These Guys Debunk Myths About Formula-Feeding Babies To Stop The Spread Of Misinformation And Judgement

No, formula does not have "autism in it."


The breastfeeding vs. formula debate feels like it's been going on since the dawn of time — well, since formula was invented, at least. Those in the breastfeeding camp often pass judgment on those who formula feed, and vice versa. 

But enough is enough. Parenting is hard as it is without all the judgement and misinformation floating around. Here to settle the score is Adam Conover of "Adam Ruins Everything."  His latest video highlights the reasons why formula is a perfectly good and safe alternative to breastfeeding. 

The video (above) shows how baby formula is a "literal lifesaver" and points out that a lot of the controversy deeming it to be bad for children is based on myths and misinformation.  

The reasons listed in the video are especially important to hear as some women are not able to breastfeed, or find it more difficult than others. But simply not wanting to breastfeed because it doesn't feel right to the parent is a good enough — after all, breastfeeding can take up to 35 hours a week, and is "like a full-time job," as noted in the video. 

And while we can all agree "breastfeeding is normal, natural, and great," and no parent should be judged by how, when, and where they want to feed their child, it's important we have all the facts straight. 

Below, are a few myths debunked in the video above.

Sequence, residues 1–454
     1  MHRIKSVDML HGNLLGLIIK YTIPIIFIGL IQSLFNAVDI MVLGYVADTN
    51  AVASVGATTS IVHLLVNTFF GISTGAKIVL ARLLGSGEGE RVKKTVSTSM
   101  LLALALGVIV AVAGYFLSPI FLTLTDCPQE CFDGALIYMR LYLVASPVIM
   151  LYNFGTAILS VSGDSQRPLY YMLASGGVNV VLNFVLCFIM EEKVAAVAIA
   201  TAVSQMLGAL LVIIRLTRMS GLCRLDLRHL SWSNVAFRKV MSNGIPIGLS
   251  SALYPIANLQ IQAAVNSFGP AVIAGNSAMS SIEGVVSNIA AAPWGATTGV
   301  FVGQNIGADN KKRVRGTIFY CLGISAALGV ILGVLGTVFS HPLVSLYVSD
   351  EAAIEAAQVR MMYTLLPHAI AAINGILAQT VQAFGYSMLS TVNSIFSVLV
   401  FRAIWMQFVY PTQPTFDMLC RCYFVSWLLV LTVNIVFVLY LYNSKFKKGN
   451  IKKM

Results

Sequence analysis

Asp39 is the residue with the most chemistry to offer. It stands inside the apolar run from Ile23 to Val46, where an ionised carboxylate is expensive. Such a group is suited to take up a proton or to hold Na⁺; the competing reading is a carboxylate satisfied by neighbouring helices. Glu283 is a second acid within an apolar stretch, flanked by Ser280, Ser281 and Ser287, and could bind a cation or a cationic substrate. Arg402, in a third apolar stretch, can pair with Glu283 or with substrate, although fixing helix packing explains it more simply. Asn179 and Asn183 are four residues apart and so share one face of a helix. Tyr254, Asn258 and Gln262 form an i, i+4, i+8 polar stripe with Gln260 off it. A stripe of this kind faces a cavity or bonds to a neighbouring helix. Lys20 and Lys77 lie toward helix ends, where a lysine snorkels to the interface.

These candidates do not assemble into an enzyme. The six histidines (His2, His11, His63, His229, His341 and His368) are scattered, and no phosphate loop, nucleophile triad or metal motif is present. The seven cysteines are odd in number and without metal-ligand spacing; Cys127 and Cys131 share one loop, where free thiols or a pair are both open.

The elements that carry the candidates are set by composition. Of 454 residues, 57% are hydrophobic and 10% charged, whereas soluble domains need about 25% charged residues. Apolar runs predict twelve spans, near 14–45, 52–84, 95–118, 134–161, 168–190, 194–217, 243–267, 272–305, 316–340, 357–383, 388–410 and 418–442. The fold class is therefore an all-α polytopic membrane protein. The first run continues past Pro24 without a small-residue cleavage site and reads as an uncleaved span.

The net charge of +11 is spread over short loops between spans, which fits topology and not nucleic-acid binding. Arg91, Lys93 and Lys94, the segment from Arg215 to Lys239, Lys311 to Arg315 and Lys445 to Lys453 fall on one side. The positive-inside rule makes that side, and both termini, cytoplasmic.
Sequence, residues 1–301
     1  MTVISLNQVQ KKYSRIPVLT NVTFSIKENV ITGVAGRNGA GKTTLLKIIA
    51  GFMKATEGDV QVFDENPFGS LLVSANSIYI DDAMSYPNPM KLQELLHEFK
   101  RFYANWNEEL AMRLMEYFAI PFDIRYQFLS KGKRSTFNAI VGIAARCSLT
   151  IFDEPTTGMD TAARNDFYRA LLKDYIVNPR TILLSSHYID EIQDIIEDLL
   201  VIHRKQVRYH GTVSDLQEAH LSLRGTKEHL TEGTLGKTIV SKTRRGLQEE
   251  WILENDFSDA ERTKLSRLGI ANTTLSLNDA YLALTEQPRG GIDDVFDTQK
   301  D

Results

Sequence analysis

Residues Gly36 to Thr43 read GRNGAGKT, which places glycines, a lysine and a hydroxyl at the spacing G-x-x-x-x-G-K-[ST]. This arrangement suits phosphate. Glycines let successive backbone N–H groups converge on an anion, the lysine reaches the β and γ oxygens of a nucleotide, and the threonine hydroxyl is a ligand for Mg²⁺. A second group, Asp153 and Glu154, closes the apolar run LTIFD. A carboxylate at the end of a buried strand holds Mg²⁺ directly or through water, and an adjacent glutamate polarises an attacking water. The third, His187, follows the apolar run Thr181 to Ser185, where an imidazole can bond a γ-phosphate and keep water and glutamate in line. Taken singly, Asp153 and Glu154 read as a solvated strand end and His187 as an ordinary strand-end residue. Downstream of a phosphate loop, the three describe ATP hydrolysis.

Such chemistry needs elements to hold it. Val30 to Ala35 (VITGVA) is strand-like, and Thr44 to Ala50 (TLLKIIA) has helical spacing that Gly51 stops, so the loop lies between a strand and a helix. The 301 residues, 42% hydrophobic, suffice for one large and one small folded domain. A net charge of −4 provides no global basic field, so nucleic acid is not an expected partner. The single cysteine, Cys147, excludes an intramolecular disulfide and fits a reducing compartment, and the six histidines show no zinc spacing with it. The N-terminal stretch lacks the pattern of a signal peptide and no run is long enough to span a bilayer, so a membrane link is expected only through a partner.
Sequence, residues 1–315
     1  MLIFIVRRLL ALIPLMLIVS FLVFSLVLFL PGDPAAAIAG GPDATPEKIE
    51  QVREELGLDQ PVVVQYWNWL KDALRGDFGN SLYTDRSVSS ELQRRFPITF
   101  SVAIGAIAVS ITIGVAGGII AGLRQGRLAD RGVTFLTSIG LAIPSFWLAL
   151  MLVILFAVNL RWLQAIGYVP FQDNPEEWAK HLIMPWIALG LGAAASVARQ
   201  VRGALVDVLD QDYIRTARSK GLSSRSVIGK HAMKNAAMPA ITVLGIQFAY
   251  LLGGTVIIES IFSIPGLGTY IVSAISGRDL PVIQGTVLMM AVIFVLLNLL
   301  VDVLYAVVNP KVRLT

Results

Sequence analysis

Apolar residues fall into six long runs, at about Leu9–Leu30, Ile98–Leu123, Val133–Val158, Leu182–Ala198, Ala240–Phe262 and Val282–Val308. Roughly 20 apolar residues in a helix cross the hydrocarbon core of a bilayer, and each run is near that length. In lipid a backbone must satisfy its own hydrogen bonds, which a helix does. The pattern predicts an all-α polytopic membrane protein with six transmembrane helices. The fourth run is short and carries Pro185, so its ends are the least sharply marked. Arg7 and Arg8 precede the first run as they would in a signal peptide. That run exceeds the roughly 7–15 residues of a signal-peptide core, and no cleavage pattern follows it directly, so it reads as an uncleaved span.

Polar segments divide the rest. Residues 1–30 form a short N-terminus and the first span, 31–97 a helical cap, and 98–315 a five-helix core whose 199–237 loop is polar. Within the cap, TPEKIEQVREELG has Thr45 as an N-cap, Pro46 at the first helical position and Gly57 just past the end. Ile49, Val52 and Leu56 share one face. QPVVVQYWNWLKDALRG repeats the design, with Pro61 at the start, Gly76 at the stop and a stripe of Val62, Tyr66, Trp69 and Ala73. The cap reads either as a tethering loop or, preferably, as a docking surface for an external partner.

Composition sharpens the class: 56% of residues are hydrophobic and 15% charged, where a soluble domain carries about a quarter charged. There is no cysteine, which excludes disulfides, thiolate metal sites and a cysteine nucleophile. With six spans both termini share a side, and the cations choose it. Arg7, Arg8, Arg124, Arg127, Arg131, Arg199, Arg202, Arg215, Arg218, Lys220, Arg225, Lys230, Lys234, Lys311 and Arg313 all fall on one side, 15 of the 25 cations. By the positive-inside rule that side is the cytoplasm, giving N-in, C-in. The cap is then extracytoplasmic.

Myth: Formula is just a bunch of chemicals, so it must be bad for your child.

The video point out that while formula does have chemicals in it, everything else does too — including breast milk. The thing  people should be focusing on is whether the chemicals in formula are nutritionally different from breast milk. Professor and Lactivism author, Courtney Jung, explains that formula is a "nutritionally complete alternative to breast milk." Most baby formulas are cow milk protein-based, but have been modified to resemble the mother's breast milk. So, both contain whey and casein.

Myth: Baby formula negatively impacts a child's development.

Some are against baby formula because they believe it negatively impacts a child's development, or can even cause autism. The video points out that before formula was invented, many babies would have to eat soaked bread if they couldn't be breastfed. Sadly, this resulted in some dying and others becoming malnourished. Formula was what helped put a stop to it.

Jung points out in the video that any studies comparing baby formula development with breast milk development have been inconclusive. 

Myth: Breastfeeding helps mothers bond with babies more.

Some assume that babies won't bond closely with moms if they don't breastfeed because breastfeeding releases oxytocin, a chemical frequently dubbed the "love hormone." However, the chemical is released during a number of other activities as well. 

According to the The Bump, bonding also comes down to facial recognition and skin-to-skin bonding, which parents can do with or without breastfeeding.

At the end of the day, it's important to remember that no one method is necessarily the right, or more healthy, way. So long as a child is loved and getting the nutrition they need, a parent's choice should be their business, and no one else's. 

Cover image via  aywan88 I Shutterstock

(H/T: Popsugar)


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